Despite widespread state efforts to continue to ratchet down assumed rates of return, most plans retain rates that exceed what S&P Global views as a sustainable rate based on likely market volatility. It suggests a sustainable discount rate for the typical plan is 6.5%.


S&P Global notes that states with mature plans and elevated discount rates that still have low funded ratios may warrant additional attention with regard to budgetary vulnerability.

As a plan matures, there are reduced plan inflows as fewer active members contribute annually, and this is compounded by increased outflows for a greater number of retirees and beneficiaries. There is greater strain on employers, as well as asset returns, to maintain plan funding, particularly if the avoidance of intergenerational inequity is desired, the agency says. Increased liquidity needs, along with reduced capacity for market volatility, could push mature plans toward lower assumed returns.

“A mature plan with a high active-to-beneficiary ratio might elect to reduce market risk by incorporating a safer target portfolio and corresponding lower assumed return. A lower assumed return correlates to a lower discount rate, and therefore, a lower funded ratio,” the report says.

S&P Global notes that plans that incorporate assumed payroll growth in their amortization methodology have a built-in deferral of contributions that is intended to be a stable percentage of the budget. However, every year that payroll growth is not realized leads to a contribution shortfall from expectations and adds unfunded liabilities that further add to already-accelerating contributions. The agency has seen amortization methods reduce such risk of acceleration in states such as Kentucky and Connecticut and expects this trend to continue.

S&P Global concludes that it does not anticipate the next recession will lead to a pension crisis or acute budgetary stress. A majority of plans retain sufficient assets to withstand a market shock, and when smoothed over the remaining amortization period, contribution increases are likely to require difficult budgetary choices but remain affordable. In the agency’s view, actions to reduce annual contributions, whether shorting ADCs, extending amortization periods, or poorly executed asset transfers/pension obligation bonds, are more likely to lead to budgetary stress and downward rating revisions than weak pension investment returns in a typical recession.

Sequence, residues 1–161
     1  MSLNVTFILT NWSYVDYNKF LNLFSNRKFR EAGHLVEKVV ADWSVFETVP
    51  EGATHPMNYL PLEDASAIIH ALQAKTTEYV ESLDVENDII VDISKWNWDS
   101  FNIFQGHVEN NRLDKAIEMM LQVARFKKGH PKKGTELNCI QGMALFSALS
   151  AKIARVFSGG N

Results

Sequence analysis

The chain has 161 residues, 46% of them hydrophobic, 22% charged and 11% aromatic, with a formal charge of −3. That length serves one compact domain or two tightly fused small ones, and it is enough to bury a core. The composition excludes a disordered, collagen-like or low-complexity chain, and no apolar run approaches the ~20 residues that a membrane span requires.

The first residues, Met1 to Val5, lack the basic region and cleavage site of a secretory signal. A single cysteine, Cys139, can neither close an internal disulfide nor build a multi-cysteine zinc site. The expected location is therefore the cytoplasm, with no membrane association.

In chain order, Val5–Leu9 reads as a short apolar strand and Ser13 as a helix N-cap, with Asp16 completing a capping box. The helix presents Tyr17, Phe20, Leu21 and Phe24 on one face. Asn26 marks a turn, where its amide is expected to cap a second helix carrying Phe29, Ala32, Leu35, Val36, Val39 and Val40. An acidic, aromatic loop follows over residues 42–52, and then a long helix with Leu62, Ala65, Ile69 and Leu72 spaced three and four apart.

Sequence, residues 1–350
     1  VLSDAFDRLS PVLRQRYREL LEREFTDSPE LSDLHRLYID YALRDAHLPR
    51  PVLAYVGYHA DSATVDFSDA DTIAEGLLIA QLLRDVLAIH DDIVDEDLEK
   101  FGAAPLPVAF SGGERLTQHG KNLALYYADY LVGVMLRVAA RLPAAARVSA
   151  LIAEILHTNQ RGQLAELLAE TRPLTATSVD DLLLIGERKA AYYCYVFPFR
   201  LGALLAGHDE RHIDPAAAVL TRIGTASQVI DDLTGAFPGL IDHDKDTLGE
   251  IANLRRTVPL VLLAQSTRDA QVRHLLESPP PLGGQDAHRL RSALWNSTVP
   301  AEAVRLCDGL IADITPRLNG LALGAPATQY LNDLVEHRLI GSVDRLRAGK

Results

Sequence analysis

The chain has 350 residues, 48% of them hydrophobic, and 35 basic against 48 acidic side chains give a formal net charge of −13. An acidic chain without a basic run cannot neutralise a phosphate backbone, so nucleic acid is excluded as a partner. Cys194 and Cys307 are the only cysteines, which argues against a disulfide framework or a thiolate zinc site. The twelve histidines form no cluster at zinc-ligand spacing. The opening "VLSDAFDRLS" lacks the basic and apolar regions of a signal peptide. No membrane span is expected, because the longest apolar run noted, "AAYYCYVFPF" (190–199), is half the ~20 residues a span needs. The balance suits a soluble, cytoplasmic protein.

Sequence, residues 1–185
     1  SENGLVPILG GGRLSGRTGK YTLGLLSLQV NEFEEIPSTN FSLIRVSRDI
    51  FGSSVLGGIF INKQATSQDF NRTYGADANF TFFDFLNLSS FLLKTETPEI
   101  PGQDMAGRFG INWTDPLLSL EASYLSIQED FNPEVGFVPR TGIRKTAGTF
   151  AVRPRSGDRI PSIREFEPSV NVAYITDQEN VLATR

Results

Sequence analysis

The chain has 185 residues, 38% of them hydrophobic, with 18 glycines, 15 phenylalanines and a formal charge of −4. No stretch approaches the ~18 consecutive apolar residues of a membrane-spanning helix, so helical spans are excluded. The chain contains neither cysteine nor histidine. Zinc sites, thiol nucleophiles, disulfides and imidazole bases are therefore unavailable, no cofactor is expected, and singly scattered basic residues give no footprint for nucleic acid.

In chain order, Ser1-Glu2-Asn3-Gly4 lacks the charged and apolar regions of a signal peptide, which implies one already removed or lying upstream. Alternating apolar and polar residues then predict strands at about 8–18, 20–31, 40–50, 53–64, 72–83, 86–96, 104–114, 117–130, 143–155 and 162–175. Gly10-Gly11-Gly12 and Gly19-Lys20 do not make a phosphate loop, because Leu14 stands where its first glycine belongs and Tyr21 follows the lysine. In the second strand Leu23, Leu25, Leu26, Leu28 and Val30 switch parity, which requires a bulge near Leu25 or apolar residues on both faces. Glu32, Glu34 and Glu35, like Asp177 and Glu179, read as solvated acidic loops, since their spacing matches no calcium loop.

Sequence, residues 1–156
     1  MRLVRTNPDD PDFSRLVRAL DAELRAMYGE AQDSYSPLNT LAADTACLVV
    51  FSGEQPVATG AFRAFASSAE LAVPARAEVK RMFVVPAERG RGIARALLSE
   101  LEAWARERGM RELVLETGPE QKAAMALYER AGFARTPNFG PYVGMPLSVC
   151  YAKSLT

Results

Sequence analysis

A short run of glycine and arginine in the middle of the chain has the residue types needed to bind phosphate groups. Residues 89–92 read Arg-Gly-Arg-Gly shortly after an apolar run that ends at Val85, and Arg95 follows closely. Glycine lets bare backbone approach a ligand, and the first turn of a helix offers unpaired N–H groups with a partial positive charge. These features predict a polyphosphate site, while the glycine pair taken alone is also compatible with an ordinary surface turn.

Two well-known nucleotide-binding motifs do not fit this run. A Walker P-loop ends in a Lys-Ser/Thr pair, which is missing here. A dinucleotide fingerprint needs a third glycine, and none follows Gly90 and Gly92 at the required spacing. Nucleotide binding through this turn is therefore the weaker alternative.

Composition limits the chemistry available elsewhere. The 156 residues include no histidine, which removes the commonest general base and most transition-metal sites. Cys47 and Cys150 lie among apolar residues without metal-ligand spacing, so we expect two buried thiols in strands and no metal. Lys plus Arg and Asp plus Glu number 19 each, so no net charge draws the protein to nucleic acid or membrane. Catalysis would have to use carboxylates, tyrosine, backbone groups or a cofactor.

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Categories: Industry News

Principal Offers Patent-Pending Complete Pension Solution

Thu, 2019-10-10 09:06

Principal Financial Group has developed the patent-pending Principal Complete Pension Solution and the Principal Pension Risk Management Dashboard to help defined benefit (DB) plan sponsors manage the financial, demographic and fiduciary risks in their plans.

The Principal Complete Pension Solution system provides a technology-driven approach to pension risk management that can be tailored for individual plan needs alongside what the company says is a first-of-its-kind annuity quote commitment to ensure plan sponsors can consider transferring risk to Principal when the time may be right for their plan.

The system uses proprietary technology to combine expertises spanning actuarial science, liability-driven investing (LDI), pension risk transfer, as well as plan administration and data management to offer a complete suite of risk management services for both ongoing and frozen defined benefit plans.